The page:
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Newfoundland dogs and the Royal Mail are closely connected in Canadian History.

In British Columbia in the 1880’s, a Newfoundland named Jim led a team of dogs carrying Her Majesty’s mail from Canmore to Golden City and then to Farwell (now Revelstoke), a distance of 186 miles. This wasn’t a walk on a plowed sidewalk for this mail dog, but a death defying trek through rugged canyons and over steep mountain trails where one false step meant instant death. There was even a chasm bridged only by a fallen tree. The Canadian Pacific Railway was laying tracks between these points, but until they did, Jim and his team mates avoided the grizzly bears and wildcats to deliver things like a huge Christmas pudding mailed all the way from London, England.

The late 1890’s saw the advent of the Klondike Gold Rush in the Yukon. The first post office opened in Dawson in 1897 and the key method of delivery in this harsh land was the dog sled. Local dogs were too costly and couldn’t breed fast enough to meet the demand, so dogs were imported from further south, and, you guessed it, the imports included Newfoundland dogs.

However, it was in their native home, the Island of Newfoundland, that the breed became most associated with the Royal Mail. Their honours for the role that they played included being the first dog to ever be on a stamp and later, the first and only dog to share a stamp with a member of royalty. Dog sled teams made up of Newfoundland dogs took the Royal Mail where the railway left off to a chain of settlements over frozen trails where horses couldn’t travel. In addition to the inter-settlement delivery by dog sled, other Newfs worked in town delivering the mail with special wooden wagons. It has always been my dream to have one of these wagons as a lawn ornament and whenever someone going to Newfoundland asks me if there is anything they can bring back for me, I always ask for a Royal Mail wagon. Unfortunately they seem to be all gone except for the one in the Canadian Postal Museum in Gatineau, Quebec, across the river from Ottawa.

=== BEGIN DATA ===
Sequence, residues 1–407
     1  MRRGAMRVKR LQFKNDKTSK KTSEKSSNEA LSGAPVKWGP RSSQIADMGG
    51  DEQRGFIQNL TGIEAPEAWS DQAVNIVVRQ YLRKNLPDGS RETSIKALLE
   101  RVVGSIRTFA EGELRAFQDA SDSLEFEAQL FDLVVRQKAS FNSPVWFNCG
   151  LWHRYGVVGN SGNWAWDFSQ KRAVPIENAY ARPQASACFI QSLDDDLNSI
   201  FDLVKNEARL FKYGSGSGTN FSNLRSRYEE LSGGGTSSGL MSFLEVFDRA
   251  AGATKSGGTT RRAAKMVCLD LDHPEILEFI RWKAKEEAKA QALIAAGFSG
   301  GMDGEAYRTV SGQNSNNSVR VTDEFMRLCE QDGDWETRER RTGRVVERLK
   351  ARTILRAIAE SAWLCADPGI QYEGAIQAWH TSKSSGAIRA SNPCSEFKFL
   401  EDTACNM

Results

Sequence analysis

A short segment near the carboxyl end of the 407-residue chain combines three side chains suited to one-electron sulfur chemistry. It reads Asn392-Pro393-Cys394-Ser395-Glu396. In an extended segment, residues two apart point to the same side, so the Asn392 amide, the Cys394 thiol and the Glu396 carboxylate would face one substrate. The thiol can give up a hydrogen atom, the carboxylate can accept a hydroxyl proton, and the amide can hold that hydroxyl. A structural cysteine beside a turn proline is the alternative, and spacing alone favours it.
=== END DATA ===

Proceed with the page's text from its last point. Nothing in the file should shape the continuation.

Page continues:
Peter Maniate has been writing columns for the Newf News, the magazine of the Newfoundland Dog Club of Canada, since 1979.  In 1996 he started writing a Newfoundland dog column in the Breedlines section of Dogs in Canada magazine on behalf of the Newfoundland Dog Club of Canada.  When Dogs in Canada ceased publication at the end of 2011 he continued the Breedlines column in the Newf Newfs.

Permission is granted for re-publication of the preceding article or excerpts from it as long as the author is credited and the name of the original publication and date of first publication is included.

Dogs in Canada

May 2005